Saints above, it has finally happened! Aircell’s in-flight connectivity service Gogo this morning went live on American Airlines’ Boeing 767-200 fleet. Regular readers of this blog know that I’ve been praying for this day for a long time. And frankly, right now I’m wishing I had booked on American for my upcoming flight to Los Angeles, where nearby Long Beach is hosting both the WAEA and Interiors events.
With all systems now go, go, go on American, the onus is on Aircell to prove that its long-touted system not only works, but works really well. All eyes are on the carrier - and all ears on Gogo users – as the three- to six-month test of Aircell’s system begins.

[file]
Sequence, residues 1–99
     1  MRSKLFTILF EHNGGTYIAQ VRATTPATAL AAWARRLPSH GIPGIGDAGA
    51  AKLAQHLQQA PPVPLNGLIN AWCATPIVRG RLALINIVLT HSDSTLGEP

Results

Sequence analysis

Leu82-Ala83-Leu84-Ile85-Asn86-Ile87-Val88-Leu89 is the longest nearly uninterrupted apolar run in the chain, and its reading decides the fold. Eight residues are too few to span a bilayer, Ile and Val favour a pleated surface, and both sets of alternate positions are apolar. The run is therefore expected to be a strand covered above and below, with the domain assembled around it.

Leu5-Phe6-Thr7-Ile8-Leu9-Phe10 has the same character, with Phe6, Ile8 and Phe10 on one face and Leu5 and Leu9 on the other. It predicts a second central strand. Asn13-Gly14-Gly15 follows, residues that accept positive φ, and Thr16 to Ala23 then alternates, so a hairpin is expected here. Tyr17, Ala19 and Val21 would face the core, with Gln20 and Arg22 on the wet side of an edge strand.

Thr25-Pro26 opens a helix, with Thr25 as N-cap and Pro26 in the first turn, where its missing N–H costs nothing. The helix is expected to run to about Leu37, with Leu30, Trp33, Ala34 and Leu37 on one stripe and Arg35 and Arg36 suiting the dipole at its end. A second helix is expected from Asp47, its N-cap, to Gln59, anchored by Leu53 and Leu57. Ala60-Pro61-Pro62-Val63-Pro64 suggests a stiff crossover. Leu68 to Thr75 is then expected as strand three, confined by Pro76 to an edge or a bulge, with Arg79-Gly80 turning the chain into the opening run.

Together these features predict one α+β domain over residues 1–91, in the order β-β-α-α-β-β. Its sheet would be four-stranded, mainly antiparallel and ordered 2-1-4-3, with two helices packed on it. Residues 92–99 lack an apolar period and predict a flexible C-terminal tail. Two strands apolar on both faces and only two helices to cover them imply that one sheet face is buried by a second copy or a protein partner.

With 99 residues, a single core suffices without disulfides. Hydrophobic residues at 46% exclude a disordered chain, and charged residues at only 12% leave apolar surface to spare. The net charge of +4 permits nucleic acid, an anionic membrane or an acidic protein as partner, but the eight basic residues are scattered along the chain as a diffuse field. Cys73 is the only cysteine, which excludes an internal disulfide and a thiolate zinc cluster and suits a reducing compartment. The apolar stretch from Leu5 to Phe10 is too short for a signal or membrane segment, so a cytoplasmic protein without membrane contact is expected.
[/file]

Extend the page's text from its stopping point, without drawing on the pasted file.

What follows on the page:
The stakes are ever so high. The outcome of American’s trial will help determine the speed at which in-flight connectivity is adopted in the United States.
If the system proves robust and passenger take-up is fierce, Aircell is in a very sweet place, and could very well capture a sizeable chunk of the US market. An Aircell success could also prompt LiveTV, which holds a narrowband slice of air-to-ground spectrum, to step into broadband via satellite-based means (heck, it’s got loads of experience with satellite television).
If Aircell’s system falters or doesn’t live up to expectations, it would be a major setback for the Colorado-based company (and its investors alike) as well as other connectivity providers because carriers will grow ever more cautious about adopting new services.
The Aircell trial will also decide – perhaps once and for all – whether an air-to-ground network can truly support broadband services. The jury is currently out on whether Aircell can offer in the air the type of high-speed functionality that we have all come to know and love on the ground.